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Old 2005-04-21, 03:17   #1
Dougy
 
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Question The New Mersenne Conjecture

Does anyone have any current information regarding the testing status of the New Mersenne Conjecture? Or any other information regarding this, that I could include in my project?

Let p be any odd natural number. If two of the following conditions hold, then so does the third:
p = 2^k+/-1 or p = 4^k+/-3
2^p-1 is a prime
(2^p+1)/3 is a prime.
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Old 2005-04-21, 06:18   #2
akruppa
 
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Chris Caldwell has info about the NMC at http://www.utm.edu/research/primes/m...onjecture.html

Alex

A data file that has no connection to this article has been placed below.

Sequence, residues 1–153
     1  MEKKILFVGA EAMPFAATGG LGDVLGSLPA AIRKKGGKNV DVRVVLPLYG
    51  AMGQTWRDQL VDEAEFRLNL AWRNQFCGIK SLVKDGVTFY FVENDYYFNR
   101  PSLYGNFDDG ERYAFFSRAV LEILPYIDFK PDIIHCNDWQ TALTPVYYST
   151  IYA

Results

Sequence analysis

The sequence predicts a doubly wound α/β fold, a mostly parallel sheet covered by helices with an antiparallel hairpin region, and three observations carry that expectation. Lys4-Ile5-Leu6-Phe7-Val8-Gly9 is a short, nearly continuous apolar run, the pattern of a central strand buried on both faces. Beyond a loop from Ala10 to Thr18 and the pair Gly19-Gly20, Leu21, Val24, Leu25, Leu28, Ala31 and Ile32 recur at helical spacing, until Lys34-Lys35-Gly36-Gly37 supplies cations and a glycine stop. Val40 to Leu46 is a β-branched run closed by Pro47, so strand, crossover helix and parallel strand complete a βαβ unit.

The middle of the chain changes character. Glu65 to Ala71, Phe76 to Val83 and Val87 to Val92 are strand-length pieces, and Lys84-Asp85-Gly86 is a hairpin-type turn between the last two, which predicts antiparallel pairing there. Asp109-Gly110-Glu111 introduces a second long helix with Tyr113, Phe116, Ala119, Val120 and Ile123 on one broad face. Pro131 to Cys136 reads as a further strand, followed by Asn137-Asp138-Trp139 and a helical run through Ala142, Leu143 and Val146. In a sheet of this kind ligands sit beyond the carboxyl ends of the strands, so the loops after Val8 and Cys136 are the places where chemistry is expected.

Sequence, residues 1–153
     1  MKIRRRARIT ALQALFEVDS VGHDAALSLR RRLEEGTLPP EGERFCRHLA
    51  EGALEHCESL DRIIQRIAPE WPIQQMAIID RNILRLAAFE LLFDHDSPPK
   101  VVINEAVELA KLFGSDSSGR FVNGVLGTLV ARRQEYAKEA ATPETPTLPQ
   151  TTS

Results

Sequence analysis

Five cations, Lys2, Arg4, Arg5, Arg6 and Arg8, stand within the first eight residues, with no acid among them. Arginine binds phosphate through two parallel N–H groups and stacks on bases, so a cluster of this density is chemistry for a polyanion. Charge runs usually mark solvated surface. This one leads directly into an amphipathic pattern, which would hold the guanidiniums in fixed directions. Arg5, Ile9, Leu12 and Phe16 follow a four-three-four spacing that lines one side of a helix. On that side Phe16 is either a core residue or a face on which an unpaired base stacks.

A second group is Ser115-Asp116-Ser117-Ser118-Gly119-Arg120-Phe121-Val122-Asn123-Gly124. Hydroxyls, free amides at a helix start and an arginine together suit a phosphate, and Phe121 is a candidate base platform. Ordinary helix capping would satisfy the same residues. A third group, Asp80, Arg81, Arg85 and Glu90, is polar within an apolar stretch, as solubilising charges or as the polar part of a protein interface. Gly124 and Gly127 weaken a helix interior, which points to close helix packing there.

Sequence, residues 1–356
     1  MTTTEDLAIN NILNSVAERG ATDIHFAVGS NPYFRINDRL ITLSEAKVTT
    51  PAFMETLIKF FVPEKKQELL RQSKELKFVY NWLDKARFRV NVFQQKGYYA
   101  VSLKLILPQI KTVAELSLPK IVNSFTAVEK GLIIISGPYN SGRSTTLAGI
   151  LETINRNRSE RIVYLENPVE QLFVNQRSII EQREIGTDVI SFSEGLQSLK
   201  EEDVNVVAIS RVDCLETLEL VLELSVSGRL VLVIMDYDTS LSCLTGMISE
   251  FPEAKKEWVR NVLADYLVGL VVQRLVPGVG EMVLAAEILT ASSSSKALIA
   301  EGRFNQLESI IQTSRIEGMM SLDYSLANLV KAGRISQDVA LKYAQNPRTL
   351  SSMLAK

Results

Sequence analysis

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Old 2005-04-21, 13:01   #3
R.D. Silverman
 
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Quote:
Originally Posted by akruppa
Chris Caldwell has info about the NMC at http://www.utm.edu/research/primes/m...onjecture.html

Alex

I was present when John Selfridge first posed this conjecture.

His remarks included the somewhat obvious statement that the conjecture
was clearly true, that we know all the instances where it is true, and that
it is impossible of proof.

It is clear, even on *very* loose probabilistic grounds that 2^n-1 and
(2^n+1)/3 are simultaneously prime only finitely often.

This conjecture is another instance of what Richard Guy calls his "Strong
Law of Small Numbers".

Even John says that the conjecture is a minor curious coincidence.
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Old 2005-04-22, 12:53   #4
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Quote:
Originally Posted by Dougy
.... Or any other information regarding this, that I could include in my project ?